Even as residents near the proposed Southern California International Gateway fester their consternation, both the Los Angeles Times and the Los Angeles Daily News came out in support of the project. The two editorials cite the economic contributions the ports bring to Southern California, often in a manner that is taken for granted. However, both also note that concerns from nearby residents must be allayed before a shovel of dirt is turned for the project, even as proponents assure that the project will remove 1.5 million truck trips on the Long Beach Freeway every year. If the GRID Project was built, the SCIG would be unnecessary.
Cincinnati-based Kroger Co., which owns Ralph’s and Food 4 Less, announced that they will install electric vehicle charging stations at their California and Arizona stores. This follows trends set by other retailers with California stores, who have charging stations in their parking lots. California currently has about a quarter of all charging stations across the country. The $1.5 million Kroger will use to pay for the installation will be matched by funds from charging station operator Ecotality, who in turn will contribute US Energy Department grants towards the installation.
Ever wonder what a day in the life of a parking enforcement officer looks like? LA Times columnist Gale Holland goes into the trenches to witness the parking wars that unfold on the streets every day. Between enforcement officers who are just doing their job and the citizens who fight for scarce spaces, often getting citations in the process, who wins? Why, it’s the city, of course, with the power to raise and collect parking fines, since these are a major source of municipal income.
With a $6 billion bond proposal to repair LA streets resurfacing, Councilmembers Mitch Englander and Joe Buscaino are doing the smart thing by announcing a series of meetings to collect public input. This could make for a great opportunity to advocate for complete streets and the implementation of the LA Bike Plan as part of street repaving. In any case, there is no denying that something must be done to bring our streets into a state of good repair, despite the fact that repaving them as scheduled would cost the city about $300 million a year.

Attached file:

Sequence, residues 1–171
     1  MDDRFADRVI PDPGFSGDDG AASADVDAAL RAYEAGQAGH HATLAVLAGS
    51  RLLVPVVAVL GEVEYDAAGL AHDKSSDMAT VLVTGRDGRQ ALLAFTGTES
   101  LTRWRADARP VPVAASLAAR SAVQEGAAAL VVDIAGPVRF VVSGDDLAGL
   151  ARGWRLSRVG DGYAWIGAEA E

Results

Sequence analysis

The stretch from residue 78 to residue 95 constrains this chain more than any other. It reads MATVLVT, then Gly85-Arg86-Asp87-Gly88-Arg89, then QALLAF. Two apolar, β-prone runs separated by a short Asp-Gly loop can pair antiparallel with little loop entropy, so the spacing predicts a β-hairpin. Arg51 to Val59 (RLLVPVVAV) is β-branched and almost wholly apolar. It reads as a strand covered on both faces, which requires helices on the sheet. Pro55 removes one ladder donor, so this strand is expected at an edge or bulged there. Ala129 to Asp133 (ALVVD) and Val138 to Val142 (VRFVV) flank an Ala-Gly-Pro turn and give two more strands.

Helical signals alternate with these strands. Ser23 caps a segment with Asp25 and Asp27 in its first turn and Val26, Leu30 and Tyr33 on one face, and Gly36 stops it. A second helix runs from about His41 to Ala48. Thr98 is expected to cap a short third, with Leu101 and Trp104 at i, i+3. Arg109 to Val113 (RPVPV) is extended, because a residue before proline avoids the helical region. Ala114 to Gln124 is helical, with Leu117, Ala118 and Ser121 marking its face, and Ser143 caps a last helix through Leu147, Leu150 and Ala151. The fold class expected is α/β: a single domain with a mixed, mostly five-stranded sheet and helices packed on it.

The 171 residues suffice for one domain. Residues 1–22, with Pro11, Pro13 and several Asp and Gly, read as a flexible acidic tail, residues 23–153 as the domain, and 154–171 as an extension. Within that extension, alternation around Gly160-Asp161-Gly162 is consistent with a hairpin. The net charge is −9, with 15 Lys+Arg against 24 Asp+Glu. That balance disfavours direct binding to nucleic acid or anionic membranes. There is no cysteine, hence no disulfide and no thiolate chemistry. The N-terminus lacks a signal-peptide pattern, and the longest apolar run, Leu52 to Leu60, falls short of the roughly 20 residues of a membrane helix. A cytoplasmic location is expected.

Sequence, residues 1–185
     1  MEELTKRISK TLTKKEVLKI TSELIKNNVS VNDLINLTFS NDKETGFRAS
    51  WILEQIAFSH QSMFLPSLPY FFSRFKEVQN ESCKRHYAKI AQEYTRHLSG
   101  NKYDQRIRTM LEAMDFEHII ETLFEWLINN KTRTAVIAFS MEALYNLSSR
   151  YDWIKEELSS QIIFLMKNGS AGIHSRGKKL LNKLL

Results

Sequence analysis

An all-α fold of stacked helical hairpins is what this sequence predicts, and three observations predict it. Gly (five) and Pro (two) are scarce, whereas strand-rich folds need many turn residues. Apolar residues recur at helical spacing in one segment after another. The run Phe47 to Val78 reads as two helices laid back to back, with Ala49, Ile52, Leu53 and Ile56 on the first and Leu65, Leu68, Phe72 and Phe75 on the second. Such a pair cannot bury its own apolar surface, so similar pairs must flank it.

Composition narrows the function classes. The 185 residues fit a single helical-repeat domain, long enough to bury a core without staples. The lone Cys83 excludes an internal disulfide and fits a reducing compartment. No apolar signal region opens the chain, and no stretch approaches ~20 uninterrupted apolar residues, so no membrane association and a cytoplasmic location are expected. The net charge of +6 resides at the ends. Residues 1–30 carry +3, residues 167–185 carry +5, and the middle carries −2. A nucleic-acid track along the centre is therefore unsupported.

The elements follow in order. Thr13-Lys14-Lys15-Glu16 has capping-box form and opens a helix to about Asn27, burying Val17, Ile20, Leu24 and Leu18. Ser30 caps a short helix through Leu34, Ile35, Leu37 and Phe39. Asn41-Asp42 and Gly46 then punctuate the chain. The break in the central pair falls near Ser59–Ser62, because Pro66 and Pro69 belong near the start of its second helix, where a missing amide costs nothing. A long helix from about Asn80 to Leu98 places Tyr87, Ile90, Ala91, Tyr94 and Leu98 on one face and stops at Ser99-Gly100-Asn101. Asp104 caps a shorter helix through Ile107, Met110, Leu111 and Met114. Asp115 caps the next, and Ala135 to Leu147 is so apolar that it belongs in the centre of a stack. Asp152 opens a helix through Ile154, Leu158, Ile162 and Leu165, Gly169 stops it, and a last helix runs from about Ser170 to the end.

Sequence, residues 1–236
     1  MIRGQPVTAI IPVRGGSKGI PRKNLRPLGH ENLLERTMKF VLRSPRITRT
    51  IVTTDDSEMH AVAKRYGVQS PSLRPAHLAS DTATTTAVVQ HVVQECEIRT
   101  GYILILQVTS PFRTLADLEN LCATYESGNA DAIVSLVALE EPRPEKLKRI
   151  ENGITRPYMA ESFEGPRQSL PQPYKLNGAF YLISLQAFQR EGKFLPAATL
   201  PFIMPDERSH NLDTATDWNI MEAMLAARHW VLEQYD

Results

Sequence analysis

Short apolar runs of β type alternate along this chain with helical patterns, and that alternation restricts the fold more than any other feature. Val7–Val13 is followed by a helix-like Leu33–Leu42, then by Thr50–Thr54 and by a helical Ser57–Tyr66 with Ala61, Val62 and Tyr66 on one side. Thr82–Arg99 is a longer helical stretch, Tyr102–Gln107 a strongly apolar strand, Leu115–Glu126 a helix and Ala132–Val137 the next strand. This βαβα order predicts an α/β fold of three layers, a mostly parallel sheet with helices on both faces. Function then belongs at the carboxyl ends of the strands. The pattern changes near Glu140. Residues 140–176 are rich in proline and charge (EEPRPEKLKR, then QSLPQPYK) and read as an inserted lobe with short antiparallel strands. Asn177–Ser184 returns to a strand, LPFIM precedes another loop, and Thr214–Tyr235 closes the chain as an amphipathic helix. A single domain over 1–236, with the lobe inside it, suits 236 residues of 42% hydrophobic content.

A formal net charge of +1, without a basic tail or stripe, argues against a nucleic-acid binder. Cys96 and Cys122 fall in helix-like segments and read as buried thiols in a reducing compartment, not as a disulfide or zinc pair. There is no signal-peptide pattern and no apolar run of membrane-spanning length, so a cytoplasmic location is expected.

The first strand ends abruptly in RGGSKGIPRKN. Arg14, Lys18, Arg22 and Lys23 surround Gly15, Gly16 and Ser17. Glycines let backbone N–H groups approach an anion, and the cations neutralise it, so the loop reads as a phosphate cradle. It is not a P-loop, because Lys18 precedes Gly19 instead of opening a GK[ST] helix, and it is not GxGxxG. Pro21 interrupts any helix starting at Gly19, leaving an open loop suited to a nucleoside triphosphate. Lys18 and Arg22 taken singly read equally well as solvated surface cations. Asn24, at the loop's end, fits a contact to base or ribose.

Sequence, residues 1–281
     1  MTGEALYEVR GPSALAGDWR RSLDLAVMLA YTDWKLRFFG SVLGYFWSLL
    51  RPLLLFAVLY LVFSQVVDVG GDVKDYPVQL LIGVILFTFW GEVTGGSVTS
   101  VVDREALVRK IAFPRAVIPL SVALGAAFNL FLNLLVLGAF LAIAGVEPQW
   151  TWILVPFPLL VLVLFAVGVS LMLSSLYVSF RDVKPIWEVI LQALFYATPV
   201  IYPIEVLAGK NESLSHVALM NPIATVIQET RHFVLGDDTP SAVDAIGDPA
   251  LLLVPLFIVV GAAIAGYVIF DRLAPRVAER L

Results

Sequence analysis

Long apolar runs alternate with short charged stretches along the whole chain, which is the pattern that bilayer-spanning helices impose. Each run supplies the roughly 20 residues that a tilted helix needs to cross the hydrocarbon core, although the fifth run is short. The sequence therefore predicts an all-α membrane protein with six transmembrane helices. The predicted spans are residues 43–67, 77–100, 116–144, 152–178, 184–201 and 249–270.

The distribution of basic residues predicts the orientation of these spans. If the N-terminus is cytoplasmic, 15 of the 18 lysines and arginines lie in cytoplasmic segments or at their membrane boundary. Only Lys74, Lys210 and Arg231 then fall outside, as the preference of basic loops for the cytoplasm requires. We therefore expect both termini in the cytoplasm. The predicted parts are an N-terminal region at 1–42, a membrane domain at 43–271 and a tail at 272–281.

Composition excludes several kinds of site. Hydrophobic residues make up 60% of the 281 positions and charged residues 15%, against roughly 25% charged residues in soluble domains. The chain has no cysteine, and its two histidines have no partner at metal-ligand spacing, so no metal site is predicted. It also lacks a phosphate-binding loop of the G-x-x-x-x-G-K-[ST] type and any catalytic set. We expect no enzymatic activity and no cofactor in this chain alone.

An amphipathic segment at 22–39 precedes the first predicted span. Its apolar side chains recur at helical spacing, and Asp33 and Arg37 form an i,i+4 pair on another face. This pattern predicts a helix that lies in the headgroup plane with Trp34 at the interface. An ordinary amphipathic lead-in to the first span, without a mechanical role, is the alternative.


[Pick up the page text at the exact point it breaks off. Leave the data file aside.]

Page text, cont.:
Speaking of HOV 2+ lanes, Caltrans has also concluded that much of Orange County’s carpool lanes are congested during peak congestion times, which could signal the need to increase the carpool occupancy requirement to three during peak hours to get the lanes moving again. Also up for discussion are converting the HOV 2+ lanes into HOT 3+ lanes. If the latter, officials must not impose a mandatory transponder requirement for usage; otherwise the county risks seeing a decline in HOV usage.
- In other news, LA Times readers weigh in on what Wilshire Boulevard means to them, in response to architecture reviewer Chris Hawthorne’s piece on this special street.
- The embattled green bike lanes on Spring Street face new criticism from location scouts who believe that the lanes hinder filmmaking.
- A judicial ruling favoring construction of the Perris Metrolink extension could be more complicated than meets the eye.
- Could Southwest Airlines soon join the parade of airlines charging new and altogether novel fees on its passengers, if its recent ads are any indication?